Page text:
Advice on Using Credit Cards While Traveling Abroad [telecom]

Advice on Using Credit Cards While Traveling Abroad

By SUSAN STELLIN August 24, 2010

I WAS driving to the Los Angeles airport in April when apparently I did something suspicious: I stopped at a gas station and filled up the tank.

By the time I returned the rental car and got to my gate, I had a fraud alert message from my credit card company, U.S. Bank. Since I don't own a car and rarely buy gas, it seems that $13 fill-up raised a red flag.

Such is the state of credit card security, a continuing battle between card issuers and criminals who steal account numbers, with consumers caught in the fray. Whether travelers are more likely to become victims of credit card fraud is debatable, but we're certainly more likely to get tripped up by efforts to combat fraud, especially overseas.

Here are some things to watch out for if you plan on paying with plastic, which isn't quite as widely accepted as the ad campaigns for credit cards would have you believe.


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Monty Solomon
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The similar occurrance which surprised me happened a number of years ago when I was taking a trip from OMA to JAX via STL.

As luck would have it, I encountered a string of delays and cancellations on the second leg of my flight, to the extent that I thought I could claim permanent residency at Lambert Field in St. Louis. ;-)

When I finally was about to board a confirmed flight, I phoned my wife using the AT&T Universal Card and a pay phone. NBD. When I landed in Jacksonville, I again found the nearest pay phone and let her know I had arrived. Again, I used the AT&T Universal Card.

The next day we received a call from AT&T card security who reported the 'suspicious' activity on the card, two calls from widely-distant phones within a short period of time. My wife confirmed that I had indeed made both calls and there was no fraud.

On one hand it was nice to know that the card folks were watching things. On the other hand, this failed some very obvious sanity checks. I'm very sure that many such AT&T Universal Cards of that era were used in the same scenario, at both airports at the start and finish of a flight. The big one, however, is that both calls were made to the phone number of record on the account. I seriously doubt that a fraudster would be phoning the account holder. ;-)

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Not all credit card companies are created equal, especially in this regard. Some care about their customers a whole lot more than others and will take extra efforts to sort things out when a possible fraud pattern develops. Others don't care and just shut you down.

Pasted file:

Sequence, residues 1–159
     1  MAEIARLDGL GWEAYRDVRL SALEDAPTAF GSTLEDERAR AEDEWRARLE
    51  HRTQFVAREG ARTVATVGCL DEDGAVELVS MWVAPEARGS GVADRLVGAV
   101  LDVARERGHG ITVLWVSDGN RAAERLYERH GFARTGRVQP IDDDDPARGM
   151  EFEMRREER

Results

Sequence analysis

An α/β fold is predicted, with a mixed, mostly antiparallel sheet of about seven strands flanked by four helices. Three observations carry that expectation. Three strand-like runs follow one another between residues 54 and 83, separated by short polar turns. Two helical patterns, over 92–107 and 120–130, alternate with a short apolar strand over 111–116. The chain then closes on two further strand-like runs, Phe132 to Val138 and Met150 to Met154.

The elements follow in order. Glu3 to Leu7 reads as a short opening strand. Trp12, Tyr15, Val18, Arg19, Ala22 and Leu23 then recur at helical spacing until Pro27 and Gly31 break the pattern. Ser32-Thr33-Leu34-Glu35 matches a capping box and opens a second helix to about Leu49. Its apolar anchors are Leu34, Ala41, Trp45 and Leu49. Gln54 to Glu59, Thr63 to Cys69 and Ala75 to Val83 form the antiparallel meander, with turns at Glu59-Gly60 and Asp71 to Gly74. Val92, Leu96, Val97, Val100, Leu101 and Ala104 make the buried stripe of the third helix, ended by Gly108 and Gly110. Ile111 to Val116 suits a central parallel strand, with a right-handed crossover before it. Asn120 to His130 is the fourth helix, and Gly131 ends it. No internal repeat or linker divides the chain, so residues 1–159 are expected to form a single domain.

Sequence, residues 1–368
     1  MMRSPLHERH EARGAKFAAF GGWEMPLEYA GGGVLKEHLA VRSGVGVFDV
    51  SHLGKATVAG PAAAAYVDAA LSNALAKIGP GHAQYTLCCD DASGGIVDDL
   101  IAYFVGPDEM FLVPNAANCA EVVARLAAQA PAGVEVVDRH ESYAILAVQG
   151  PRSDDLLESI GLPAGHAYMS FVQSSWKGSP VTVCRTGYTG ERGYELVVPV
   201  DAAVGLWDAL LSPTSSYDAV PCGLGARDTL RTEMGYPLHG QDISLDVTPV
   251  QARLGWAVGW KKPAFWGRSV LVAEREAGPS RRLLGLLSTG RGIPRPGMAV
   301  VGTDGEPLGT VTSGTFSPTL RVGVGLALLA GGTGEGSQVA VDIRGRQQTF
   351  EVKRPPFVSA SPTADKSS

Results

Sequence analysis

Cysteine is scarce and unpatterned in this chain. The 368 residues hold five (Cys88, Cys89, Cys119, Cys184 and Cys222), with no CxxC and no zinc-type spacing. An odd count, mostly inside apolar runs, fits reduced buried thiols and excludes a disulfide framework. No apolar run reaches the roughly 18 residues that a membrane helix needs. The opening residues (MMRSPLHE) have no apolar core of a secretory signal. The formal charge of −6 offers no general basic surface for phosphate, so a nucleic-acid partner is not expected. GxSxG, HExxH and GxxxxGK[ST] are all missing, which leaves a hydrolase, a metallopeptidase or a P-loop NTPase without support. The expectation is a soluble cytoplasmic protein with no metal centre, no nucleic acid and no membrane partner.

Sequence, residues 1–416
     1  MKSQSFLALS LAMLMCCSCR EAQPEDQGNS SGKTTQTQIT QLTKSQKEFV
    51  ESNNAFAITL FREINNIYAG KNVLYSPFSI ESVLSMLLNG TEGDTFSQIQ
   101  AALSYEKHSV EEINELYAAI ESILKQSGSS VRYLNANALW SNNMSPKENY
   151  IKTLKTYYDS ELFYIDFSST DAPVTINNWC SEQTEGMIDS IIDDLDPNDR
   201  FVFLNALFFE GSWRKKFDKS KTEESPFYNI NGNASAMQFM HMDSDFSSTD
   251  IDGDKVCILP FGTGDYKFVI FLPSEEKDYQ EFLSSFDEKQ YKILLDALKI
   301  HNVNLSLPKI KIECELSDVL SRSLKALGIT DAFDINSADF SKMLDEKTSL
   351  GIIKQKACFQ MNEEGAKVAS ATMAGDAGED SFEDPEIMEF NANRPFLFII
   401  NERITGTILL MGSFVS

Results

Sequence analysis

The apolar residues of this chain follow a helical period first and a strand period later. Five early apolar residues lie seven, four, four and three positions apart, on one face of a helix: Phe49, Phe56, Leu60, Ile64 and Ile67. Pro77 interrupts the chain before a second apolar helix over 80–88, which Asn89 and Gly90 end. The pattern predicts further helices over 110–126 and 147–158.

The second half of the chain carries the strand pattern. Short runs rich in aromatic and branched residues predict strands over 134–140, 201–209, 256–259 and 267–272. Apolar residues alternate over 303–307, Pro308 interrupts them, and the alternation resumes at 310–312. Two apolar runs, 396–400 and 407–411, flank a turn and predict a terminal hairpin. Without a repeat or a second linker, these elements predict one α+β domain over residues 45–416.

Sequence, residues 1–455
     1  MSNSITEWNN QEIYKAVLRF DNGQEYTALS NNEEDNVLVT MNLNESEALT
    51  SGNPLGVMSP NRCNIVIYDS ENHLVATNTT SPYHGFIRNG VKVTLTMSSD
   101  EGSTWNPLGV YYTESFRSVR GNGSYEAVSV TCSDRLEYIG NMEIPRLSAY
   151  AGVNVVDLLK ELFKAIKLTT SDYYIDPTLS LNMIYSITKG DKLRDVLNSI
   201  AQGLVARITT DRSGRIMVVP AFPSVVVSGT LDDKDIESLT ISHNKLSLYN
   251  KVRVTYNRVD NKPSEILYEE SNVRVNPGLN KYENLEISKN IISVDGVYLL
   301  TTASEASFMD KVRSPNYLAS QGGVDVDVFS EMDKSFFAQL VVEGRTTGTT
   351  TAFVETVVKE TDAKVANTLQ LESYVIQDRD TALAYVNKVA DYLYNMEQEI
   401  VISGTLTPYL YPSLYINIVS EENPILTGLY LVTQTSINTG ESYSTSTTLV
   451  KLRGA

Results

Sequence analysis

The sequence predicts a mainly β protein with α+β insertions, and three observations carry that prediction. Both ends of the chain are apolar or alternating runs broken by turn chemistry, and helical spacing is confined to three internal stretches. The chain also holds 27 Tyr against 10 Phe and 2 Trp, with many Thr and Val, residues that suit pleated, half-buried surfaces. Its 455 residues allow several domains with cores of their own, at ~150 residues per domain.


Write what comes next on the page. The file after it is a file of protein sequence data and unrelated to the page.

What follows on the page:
Having said that the consumer has some obvious responsibilities, but they all too often fail to hold up their end of the bargain. A call to the credit card company to let them know you are departing next Tuesday for a trip throughout Western Europe makes all the difference in the world. They should ask some security questions then duly note your account.

Reply to
Sam Spade

I am currently in Malaysia. Before I left I notified my credit card companies about my travel. Few businesses here accept credit cards and often there's a minimum purchase of RM50 (about $16 USD). I had been buying gas at the pump without incident until last week. All of my cards were declined. I drove on into work. I called one of my card companies. She said they didn't issue the refusal so what probably happened was the gas station's bank wasn't talking to the US banks. Fair enough. That evening I was able to buy gas.

Next time I bought gas the pump said it could only process credit cards with a chip. I was with some local coworkers. I asked what that meant. I showed one of them my card. He laughed and passed it around. They hadn't seen a credit card without a chip. He showed me his and and sure enough, it had a chip. It was unlike anything I've seen on US-issued cards. It wasn't the same as the "touch-n-go" type cards some US banks are issuing. I'm not saying no US bank uses this. I'm just saying I've never seen anything like it.

I went inside and the clerk was equally baffled and said she couldn't accept a card without a chip.

I have no idea why my credit card worked just fine for a month and suddenly is being refused due to lack of a chip.

In short it can be a pain [in] the shorts to use credit cards overseas, particularly in a country known for credit card fraud. I check my accounts every other day. So far, so good.

But cash isn't always the answer either. Since we're in a largely cash-based country, my company offers cash advances. I took them up on it. I deposited the money into my checking account and I use my ATM card to withdrawal cash as needed. My bank doesn't charge a foreign exchange fee and rebates me back any ATM surcharges. I also get the best exchange rate regardless of the amount withdrawn. My coworkers elected to bring US currency with them and exchange at a money changer. Money changers charge a per transaction fixed amount and don't give a very good exchange rate. The official rate is 1 USD = 3.141 MYR. I'm getting right about that while they're getting 3.05 MYR/USD. They're carrying mostly 100 dollar bills and the money changers won't accept certain ranges of serial numbers. One woman is sitting on a pile of cash she can't spend. Personally I'd be nervous about having that much cash on me.

In short I believe using an ATM card to withdrawal local currency is your best bet and rely on credit cards only for hotel stays and car rentals.


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